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Video Game / Out There

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Out There is a self-styled "dark and melancholic adventure in deep space", initially released in 2014 for Android and iOS by mi-clos studio. An Updated Re-release with extra content (including a fourth ending), titled Out There: Omega Edition was released on PC via Steam on April 2nd 2015, with the expanded content being simultaneously added to the mobile versions as well.

You play the pilot and sole crewmember of a small transport spaceship supplies to mining stations on one of Jupiter's moons back to earth. During one trip, the ship malfunctions. Instead of arriving near Jupiter, you wake up from your cryogenic stasis centuries later, very, very, very far from home in another star system. An alien intelligence contacts you, giving you the Space Folder, a technology that allows Faster-Than-Light Travel between stars. It asks you to meet them in a space station in another system way across the galaxy. There's nothing for it but to use your new gift to pilot your ship from star system to star system until you reach them.

The game contains no fighting element. You just explore space systems, contact alien races, discover new technologies, and do your best to survive the dangers of space and keep the levels of fuel, oxygen and hull above zero. As with other Roguelikes, Permadeath and your survival is a Luck-Based Mission subject to the whims of the Random Number God.

A second Updated Re-release featuring even more content, a new escort mechanic and yet another ending was released for the Nintendo Switch on Apr 9, 2019. The content from this version, titled Out There: Omega The Alliance has yet to show up on other versions of the game, but has been promised by the developers to do so eventually.

A Interactive Graphic novel based on the game named Out There Chronicles has also been made by the developers, the first chapter available for free on booth IOS and Android.

A sequel, Out There: Oceans of Time, was released on May 26th, 2022 on Steam.

Not to be confused with Out There Somewhere, a light-hearted Puzzle Platformer from 2012.

Out There contains examples of:

  • Aliens Are Bastards: Mostly averted. The alien races you encounter on garden planets are peaceful, quite timid, and are much more likely to be scared by the Player Character than to be scary or dangerous. The Judge-Architects are scary (and scare many other alien races) but they are more alien demigods with unfathomable goals than really evil creatures. Only the race known as "People Death", whom you encounter in the latest part of the game, are violent and warlike.
  • Blue-and-Orange Morality: The Judge-Architects explain to you that they destroyed the solar system and killed all of humankind but that's not important because from their point of view humans are not really intelligent. On the other hand, turning the sun into a black hole was part of a more general plan to keep galaxy habitable.
  • Captain's Log: Each time you jump to a new star system, the Player Character creates a new entry in his journal. Some of the entries are about Random Encounters with aliens—including a Space Whale—or alien technology. Other entries are more philosophical or nostalgic, with occasional drifts into Space Madness. The log also documents his Slow Transformation into something other than human.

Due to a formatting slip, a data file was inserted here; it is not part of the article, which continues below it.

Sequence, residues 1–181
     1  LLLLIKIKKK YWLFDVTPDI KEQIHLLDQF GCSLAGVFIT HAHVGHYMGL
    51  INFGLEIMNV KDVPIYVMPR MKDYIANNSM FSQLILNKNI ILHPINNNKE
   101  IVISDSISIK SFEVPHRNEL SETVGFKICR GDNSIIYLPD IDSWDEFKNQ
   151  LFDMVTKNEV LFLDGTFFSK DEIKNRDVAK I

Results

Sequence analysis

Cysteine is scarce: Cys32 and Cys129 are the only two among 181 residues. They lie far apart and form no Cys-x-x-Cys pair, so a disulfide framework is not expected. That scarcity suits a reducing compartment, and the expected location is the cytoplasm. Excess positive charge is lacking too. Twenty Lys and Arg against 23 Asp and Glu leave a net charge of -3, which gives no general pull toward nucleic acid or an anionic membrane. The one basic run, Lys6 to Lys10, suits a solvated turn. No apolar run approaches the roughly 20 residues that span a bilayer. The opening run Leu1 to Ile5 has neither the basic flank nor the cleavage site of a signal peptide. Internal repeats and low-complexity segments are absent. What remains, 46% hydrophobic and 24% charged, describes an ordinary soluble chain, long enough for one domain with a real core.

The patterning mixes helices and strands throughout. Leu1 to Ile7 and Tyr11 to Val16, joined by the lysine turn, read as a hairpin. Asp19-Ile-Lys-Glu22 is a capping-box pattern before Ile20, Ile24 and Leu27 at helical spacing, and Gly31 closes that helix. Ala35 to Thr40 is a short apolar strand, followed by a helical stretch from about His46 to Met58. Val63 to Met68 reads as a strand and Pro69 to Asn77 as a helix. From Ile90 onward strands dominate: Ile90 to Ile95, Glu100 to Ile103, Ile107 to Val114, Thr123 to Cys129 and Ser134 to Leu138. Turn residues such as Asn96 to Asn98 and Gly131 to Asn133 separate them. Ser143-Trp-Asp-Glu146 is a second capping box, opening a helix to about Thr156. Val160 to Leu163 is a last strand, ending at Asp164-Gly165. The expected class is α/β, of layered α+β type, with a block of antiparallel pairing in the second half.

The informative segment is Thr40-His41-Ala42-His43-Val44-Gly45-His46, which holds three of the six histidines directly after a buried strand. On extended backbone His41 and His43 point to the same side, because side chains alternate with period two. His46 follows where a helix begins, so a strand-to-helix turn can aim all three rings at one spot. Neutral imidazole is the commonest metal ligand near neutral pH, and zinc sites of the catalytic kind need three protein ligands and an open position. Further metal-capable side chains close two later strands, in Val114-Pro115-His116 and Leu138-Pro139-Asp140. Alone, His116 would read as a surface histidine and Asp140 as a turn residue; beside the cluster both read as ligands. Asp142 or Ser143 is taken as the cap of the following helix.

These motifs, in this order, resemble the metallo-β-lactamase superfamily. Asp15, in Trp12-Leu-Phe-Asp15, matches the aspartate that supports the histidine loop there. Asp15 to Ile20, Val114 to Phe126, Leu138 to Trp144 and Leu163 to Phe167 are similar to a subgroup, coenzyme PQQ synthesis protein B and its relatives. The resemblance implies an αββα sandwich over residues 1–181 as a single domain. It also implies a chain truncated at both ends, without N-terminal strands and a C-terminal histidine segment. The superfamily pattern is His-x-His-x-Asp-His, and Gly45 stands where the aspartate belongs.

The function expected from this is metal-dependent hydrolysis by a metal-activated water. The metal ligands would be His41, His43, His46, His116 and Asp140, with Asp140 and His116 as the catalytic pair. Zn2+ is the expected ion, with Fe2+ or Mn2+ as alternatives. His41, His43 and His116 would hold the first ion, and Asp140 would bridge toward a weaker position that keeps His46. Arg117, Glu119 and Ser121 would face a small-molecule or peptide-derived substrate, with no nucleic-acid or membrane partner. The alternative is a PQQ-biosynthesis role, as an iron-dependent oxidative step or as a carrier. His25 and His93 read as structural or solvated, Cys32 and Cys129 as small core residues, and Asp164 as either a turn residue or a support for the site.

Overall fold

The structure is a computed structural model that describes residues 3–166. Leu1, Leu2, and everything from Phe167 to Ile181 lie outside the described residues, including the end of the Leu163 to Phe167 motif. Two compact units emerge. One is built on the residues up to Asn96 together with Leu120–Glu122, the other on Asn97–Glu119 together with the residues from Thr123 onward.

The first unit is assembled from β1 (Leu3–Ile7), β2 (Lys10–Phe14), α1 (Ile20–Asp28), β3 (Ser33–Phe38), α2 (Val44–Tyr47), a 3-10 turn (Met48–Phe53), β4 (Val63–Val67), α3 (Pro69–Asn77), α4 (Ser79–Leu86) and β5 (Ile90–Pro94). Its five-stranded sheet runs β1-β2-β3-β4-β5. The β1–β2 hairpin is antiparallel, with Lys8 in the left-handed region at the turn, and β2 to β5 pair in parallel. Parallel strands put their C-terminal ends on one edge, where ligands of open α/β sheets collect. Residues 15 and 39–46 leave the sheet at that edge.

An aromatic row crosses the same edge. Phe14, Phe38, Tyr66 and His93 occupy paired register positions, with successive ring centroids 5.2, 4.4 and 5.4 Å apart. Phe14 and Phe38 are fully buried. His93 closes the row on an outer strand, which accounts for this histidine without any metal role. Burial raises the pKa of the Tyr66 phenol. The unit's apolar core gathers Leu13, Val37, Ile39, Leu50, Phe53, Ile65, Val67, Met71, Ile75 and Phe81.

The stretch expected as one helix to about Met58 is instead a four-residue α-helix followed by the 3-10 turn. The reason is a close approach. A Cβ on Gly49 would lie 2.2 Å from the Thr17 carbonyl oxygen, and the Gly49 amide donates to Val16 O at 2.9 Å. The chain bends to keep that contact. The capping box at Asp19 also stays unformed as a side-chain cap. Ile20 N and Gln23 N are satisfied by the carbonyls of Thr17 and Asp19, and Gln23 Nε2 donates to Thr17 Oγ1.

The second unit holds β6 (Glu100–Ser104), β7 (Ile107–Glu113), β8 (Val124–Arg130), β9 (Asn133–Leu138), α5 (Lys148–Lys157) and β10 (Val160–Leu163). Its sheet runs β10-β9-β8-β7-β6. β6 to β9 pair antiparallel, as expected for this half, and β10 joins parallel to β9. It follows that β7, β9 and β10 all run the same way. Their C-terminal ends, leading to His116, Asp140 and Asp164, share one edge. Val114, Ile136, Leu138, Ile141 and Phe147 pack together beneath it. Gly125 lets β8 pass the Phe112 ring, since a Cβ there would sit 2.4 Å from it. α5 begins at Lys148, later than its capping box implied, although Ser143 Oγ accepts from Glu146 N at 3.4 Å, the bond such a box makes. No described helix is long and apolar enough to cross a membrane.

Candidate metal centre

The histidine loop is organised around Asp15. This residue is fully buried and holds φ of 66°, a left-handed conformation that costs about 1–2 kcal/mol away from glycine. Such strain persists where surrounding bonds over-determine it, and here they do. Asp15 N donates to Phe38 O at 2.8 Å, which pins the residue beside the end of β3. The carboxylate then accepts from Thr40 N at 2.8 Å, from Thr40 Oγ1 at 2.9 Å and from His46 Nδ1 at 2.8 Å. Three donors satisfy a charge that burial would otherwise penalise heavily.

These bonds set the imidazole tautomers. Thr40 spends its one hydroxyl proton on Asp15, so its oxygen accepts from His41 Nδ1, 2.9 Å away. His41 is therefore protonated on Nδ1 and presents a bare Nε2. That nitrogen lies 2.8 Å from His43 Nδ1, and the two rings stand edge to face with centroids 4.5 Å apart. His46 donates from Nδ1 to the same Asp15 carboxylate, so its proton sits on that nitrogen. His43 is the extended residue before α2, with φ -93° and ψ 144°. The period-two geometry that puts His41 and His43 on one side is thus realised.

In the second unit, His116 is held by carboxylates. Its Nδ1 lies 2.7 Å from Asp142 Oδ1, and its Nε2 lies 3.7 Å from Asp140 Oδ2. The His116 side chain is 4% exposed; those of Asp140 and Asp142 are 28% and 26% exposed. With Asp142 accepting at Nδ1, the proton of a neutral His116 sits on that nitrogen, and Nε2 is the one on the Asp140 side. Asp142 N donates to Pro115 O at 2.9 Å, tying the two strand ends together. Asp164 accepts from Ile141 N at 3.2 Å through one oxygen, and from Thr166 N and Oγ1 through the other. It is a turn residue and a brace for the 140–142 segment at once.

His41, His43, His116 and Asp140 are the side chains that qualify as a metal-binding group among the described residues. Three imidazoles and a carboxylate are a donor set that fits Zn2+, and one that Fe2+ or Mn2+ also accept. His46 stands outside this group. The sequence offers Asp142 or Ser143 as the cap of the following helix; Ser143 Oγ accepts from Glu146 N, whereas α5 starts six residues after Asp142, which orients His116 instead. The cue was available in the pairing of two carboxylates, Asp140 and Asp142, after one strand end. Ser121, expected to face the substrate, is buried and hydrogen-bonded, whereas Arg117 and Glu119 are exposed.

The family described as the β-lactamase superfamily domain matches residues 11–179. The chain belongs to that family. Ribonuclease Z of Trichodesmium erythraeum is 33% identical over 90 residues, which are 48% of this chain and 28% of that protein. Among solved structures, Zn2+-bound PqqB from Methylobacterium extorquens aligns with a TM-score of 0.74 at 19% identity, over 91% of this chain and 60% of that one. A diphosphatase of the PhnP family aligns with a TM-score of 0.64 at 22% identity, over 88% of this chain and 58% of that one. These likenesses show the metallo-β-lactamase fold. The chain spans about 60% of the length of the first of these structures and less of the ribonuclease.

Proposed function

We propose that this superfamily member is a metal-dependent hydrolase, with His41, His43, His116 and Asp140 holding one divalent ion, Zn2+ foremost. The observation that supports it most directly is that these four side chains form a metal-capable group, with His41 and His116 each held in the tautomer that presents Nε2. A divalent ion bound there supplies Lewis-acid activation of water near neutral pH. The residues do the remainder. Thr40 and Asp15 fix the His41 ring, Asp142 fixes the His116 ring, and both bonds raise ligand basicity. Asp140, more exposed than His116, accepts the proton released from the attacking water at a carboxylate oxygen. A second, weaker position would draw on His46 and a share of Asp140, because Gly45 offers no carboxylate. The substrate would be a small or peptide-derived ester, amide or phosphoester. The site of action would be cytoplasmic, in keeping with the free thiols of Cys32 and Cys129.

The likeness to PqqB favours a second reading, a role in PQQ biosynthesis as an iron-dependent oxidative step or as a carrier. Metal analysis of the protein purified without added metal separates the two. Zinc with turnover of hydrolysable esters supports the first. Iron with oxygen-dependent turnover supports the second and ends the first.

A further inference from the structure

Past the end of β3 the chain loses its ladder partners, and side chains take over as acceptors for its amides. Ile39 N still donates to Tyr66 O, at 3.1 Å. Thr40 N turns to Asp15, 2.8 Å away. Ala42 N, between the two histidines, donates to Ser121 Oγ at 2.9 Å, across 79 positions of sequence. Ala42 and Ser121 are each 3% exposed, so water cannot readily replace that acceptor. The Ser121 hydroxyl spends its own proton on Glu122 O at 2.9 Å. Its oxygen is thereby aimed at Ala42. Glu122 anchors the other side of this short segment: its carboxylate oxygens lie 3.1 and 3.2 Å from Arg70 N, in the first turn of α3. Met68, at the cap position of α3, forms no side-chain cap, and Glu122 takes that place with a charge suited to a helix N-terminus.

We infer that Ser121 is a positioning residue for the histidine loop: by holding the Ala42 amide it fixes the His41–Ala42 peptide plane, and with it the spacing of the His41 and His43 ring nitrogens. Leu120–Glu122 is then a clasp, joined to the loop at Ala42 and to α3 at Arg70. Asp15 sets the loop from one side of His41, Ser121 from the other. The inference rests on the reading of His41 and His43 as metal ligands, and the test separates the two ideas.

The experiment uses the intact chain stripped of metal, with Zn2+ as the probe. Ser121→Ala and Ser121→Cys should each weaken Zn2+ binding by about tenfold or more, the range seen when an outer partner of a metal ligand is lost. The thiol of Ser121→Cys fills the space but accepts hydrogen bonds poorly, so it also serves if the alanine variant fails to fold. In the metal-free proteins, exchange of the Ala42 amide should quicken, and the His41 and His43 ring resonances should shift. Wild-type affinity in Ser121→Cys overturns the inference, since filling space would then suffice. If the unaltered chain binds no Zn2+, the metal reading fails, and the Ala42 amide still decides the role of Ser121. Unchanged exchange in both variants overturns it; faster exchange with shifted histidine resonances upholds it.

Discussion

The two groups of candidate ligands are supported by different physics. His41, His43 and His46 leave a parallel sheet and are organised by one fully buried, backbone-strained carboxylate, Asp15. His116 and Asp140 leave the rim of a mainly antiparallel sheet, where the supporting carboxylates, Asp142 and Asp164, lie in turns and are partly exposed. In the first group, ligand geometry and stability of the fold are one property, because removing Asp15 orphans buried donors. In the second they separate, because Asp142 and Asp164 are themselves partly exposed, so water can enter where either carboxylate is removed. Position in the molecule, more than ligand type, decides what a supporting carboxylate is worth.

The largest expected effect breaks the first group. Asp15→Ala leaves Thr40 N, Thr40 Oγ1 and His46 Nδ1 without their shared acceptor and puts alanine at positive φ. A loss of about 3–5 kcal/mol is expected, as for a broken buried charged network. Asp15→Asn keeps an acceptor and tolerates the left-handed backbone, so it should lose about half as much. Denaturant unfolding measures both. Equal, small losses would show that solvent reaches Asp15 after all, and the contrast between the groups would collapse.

• Casual Interplanetary Travel: The Interplanetary Reactor technology allows you to move quickly from planet to planet within a star system.
  • Casual Interstellar Travel: Courtesy of the Space Folder.
  • Difficult, but Awesome: The Firefly ship. It has the highest base stats in the game with no other ship matching it even fully upgraded. The downside? It has only 4 equipment slots by default which is only really enough to install the stuff you need to move around the map with no cargo or extra fuel/oxygen. Using the Symbiotic extension module you can increase the available slots to 10, which while still small gives you a least some wiggle room for cargo.
  • Downer Ending/Earn Your Bad Ending: The game has five endings of varying difficulty, and none of them are happy. The easiest ending is the Green one, in which you discover that you're the last human being alive, with no home to return to. In the Red ending, you must first travel to the red galaxy destination, then retrace your steps to destroy the Judges-Architects' homeworld, only to return to Earth and help humanity evolve into the warlike, alien People Death race. In the Blue ending you defeat the People Death race by destroying their homeworld, only to have them make you their leader. The new Yellow Ending in the Omega Edition where you rescue mankind is arguably a happy ending, but is also the hardest to achieve. You can save only a very few of the humans you find, thousands more are already dead when you find them, and the mission ultimately costs you your own humanity and requires you to destroy at least one innocent star system along the way. The Alliance Edition adds the Orange Ending, where you and four alien races forge an alliance to fight back against the "People Death," but the game ends before we see how that turns out.